While most teens spend the last drops of summer vacation soaking up the bliss of school-free sunshine, three of our own YouthWorks Council members spent their time making some tough decisions.
Recently, Sarah Mitchell, Jomay Ruiz and Mark Day, delegates of the YouthWorks Council, spoke to The Memorial Foundation Allocations Committee to make their formal recommendations for the allocation of YouthWorks funds. Charged with distributing over $54,000, the YouthWorks Council saw fit to recommend $38,000 to fully support Memorial’s Neonatal Intensive Care Unit’s (NICU) continued collaboration with the Vermont Oxford Network, while a recommendation was made for the remainder of the funds to be allocated to Children’s Village programs.
All one2one mentors at Children’s Village, each council representative held a personal stake in this year’s recommendation. Ruiz coordinated this past year’s Mr. Davis pageant, and will do so again this coming year. The Council felt strongly that they wanted to choose a program with needs they could fully fund. For Ruiz and the other council representatives, providing funds for the NICU was a top priority.
“[Davis] raised more than any other participating high school, and that was in large part because of the pageant contestants’ tour of the NICU,” said Ruiz. “The nurses showed us their newest incubator bought with funds provided by YouthWorks, and it really focused our attention. After that, our contestants knew what they were doing provided real value.”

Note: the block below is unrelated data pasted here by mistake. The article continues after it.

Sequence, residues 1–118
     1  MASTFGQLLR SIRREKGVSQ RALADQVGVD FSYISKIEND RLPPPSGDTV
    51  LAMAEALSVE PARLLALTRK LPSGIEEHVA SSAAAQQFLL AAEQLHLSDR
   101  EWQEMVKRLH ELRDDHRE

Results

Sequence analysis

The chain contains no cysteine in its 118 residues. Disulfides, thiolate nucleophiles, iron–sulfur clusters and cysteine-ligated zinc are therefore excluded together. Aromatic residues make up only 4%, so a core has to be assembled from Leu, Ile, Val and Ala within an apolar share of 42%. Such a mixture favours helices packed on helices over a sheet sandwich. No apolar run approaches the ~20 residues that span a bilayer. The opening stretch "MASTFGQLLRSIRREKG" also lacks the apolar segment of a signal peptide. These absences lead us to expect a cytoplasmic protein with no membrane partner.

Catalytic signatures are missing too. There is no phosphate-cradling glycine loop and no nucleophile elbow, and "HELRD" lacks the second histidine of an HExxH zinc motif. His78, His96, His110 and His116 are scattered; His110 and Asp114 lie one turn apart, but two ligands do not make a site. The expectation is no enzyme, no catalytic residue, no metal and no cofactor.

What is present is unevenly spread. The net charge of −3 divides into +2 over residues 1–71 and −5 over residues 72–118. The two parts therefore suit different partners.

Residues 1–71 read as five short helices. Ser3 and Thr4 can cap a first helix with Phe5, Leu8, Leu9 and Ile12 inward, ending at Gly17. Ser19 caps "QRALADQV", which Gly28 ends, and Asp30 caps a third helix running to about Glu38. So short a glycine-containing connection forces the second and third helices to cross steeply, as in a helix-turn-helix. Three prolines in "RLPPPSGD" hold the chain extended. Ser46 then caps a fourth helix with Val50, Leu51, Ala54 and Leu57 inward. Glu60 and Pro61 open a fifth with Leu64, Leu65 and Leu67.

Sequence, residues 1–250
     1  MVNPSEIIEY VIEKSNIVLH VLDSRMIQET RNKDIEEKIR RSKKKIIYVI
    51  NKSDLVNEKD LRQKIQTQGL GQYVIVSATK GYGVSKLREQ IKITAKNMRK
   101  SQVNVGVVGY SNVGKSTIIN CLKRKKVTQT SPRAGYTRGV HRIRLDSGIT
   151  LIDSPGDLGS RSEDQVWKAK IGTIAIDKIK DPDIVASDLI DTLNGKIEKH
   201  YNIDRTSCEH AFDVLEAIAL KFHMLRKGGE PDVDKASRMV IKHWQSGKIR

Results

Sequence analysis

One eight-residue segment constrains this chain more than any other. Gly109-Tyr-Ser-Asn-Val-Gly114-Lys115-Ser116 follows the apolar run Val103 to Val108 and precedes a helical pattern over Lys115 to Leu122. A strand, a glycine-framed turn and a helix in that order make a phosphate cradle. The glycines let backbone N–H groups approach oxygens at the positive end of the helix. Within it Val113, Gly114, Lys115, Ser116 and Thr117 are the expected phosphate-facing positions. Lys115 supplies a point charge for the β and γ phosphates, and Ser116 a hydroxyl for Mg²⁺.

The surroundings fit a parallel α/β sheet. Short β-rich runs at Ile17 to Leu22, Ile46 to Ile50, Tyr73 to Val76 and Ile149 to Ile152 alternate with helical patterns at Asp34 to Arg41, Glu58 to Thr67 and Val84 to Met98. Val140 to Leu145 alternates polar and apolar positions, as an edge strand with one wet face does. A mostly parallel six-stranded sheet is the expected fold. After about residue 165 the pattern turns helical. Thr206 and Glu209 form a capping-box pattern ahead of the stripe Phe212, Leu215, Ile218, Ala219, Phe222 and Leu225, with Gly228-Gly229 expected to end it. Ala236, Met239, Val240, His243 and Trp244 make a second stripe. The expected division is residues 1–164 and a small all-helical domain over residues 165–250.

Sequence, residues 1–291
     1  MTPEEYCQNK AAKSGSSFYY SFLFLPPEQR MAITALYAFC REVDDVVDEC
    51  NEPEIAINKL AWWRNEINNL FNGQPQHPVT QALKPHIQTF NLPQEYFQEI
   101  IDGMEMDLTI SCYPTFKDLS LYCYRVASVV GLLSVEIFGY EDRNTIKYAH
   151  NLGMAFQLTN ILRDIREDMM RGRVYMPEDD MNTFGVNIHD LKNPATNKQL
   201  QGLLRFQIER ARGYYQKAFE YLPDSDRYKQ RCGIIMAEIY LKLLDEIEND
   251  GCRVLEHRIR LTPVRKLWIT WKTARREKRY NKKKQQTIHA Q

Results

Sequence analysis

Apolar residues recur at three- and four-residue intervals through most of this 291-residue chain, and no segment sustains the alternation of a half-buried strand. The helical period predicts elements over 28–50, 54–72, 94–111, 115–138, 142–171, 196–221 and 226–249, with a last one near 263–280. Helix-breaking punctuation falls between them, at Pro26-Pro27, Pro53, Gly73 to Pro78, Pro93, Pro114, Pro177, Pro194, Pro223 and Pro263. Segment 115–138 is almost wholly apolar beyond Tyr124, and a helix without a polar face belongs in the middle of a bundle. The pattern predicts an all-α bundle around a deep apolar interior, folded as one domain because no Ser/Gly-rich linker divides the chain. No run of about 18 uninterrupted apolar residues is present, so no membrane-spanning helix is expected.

For another Youth Council representative, Children’s Village is a second home. “With my mom being one of the first employees there, and my brother receiving services at Children’s Village, I would go there all the time,” recalls Day. Having been around Children’s Village for so many years, Day said, “I used to get my cheeks pinched a lot. I still get my cheeks pinched, but less so now!”
With the remaining $16,000 for the YouthWorks Council to distribute, they hope that the grant will make an impact where the leadership of the Children’s Village sees fit. Whether towards autism, genetics or mental health programs, they know that their contribution—though “a small sliver” of the overall operating cost—will make a big impact.